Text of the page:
The 53rd Annual Kunia Orchid Show is at the Del Monte Kunia Gym this weekend, but next year it will be held at Leilehua High School Gym. It felt very much like a Hilo-kind of morning when I arrived at the gym at 8:45 a.m. It was cool, there was a slight drizzle and the red dirt road leading to the gym was slick with mud. Huli huli chickens were turning on spits. Teri-beef, curry bowls, cascaron, edamame and boiled peanuts were some of the food items available for pick up from tents after attending the show.
As soon as we were allowed into the gym, people swarmed to the orchid vendors that ring the gymnasium. Lavender Honohono orchids seemed to be in big demand for Easter and Mother's Day. I was more focused on photographing the stunning orchid displays in the middle of the room than buying orchids.
It's a photographer's heaven. Orchids, in every conceivable hue, shape and even, fragrance, are artfully arranged around a theme for each display. The most nostalgic of the orchid displays centered around a blowup of a black and white photo of the Kunia show planners grouped around the front of Kunia gym. Del Monte is closing the Kunia plantation, which accounts for the change next year to Leilehua Gym.
I had a difficult time taking a photo using natural light because of the number of flashes exploding around me by other avid shutterbugs. It seems every orchid "face" is attracting your attention for a closeup. Fabulous flowers.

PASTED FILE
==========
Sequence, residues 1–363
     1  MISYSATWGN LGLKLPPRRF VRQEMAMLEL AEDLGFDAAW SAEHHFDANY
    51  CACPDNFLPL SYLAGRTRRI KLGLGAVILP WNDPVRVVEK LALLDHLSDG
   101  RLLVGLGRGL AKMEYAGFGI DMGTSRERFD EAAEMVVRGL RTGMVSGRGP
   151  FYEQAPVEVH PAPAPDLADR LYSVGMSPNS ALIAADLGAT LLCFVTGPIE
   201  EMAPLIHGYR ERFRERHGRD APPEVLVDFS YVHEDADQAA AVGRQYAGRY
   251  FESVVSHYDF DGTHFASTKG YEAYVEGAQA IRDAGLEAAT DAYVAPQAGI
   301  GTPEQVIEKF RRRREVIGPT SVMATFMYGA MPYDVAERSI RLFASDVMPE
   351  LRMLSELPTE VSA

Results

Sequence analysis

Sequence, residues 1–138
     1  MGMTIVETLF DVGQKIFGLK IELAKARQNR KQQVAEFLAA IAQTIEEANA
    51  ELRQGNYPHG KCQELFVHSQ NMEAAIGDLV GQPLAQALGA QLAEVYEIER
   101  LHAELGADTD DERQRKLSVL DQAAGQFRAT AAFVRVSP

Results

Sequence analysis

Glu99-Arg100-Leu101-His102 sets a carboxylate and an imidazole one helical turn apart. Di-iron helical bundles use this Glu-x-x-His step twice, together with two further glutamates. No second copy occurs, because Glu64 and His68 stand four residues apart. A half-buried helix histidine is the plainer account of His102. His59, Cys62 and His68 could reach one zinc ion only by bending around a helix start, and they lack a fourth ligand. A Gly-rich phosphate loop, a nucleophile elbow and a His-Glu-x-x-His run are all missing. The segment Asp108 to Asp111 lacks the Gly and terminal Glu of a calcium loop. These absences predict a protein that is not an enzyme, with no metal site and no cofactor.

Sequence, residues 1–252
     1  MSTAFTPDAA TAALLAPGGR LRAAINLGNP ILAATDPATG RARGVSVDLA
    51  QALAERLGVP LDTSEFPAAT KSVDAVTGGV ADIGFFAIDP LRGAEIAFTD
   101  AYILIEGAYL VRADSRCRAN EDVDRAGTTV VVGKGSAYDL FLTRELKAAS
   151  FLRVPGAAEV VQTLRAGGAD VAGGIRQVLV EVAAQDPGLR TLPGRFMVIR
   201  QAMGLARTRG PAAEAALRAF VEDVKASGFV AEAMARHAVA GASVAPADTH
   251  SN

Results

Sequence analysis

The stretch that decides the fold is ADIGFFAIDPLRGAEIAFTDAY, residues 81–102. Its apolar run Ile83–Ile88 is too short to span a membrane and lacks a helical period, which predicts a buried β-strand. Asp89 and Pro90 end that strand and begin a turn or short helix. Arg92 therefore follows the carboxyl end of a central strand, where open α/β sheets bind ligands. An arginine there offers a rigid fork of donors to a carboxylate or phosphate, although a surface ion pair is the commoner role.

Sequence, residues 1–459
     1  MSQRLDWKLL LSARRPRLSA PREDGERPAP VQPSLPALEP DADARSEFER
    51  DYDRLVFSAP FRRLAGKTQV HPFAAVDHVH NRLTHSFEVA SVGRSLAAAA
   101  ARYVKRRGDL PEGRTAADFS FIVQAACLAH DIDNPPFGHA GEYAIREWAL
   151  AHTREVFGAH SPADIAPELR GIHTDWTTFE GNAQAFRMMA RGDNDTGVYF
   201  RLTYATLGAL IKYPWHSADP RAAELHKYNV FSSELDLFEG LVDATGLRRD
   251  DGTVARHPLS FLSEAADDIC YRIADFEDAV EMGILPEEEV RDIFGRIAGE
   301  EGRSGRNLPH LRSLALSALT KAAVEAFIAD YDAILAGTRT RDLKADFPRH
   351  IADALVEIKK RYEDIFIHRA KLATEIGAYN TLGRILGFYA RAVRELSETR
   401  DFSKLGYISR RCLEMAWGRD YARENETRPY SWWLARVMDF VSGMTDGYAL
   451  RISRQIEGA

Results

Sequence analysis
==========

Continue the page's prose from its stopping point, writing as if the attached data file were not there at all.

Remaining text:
On my way back to the car, I bought an-pan, which are rolls filled with bean paste. Also got the Filipino dessert, cascaron. That's 3 fat, fried coconut and mochi balls on a stick to go with my coffee. It's a forty-five minute drive from my home to Kunia but it was well worth the effort.
I took the North Shore route to get back home. On the way, I stopped by the Sunset Beach farmers' market for the first time. That was a serendipitous detour because, very much like Hilo's farmers' market, this market carries local produce that are never carried in a regular supermarket. I found gigantic, footlong yams, kumquats, mountain apples, large baseball-sized green-on-the-outside-but-ripe/white-inside guavas and pomegranates. The vendors seemed to make up a true community and each one of them was very friendly.
I would seriously recommend that if you are an expat living on the Mainland you might want to skip the next paragraph. In fact, I offer my sincere apologies in advance for what I'm about to do-get you all 'ono for Hawaiian food. I ended up at Ono Loa Hawaiian food takeout at the historic Waiahole Poi Factory Building. In no time at all, Maxine put together my order of steaming pork laulau, fresh sweet poi, cold lomi salmon, tender chicken long rice, a square each of haupia and chocolate pudding, slice of pineapple, slice of Okinawan sweet potato and of course, a little plastic container of chili water. Oh, I also had to have a side of squid luau, rationalizing that I don't come out this far often. I always say "Bye" to sweet Uncle Al, who was sweeping the front, as I exited the wooden building.
First, there's the dilemma of where to begin amid all this great food. The second question is whether the poi will last. You've heard of a three-dog night? Well, this was more like a four-poi bowl meal so I reeaallly had to make the poi stretch to last until the last bit of laulau.
A most satisfying and fulfilling morning.
Ono Loa which means Very, Very Delicious is open for lunch but not on Thursday or Friday. Their email is firstname.lastname@example.org NOTE: Catering and shipping is available.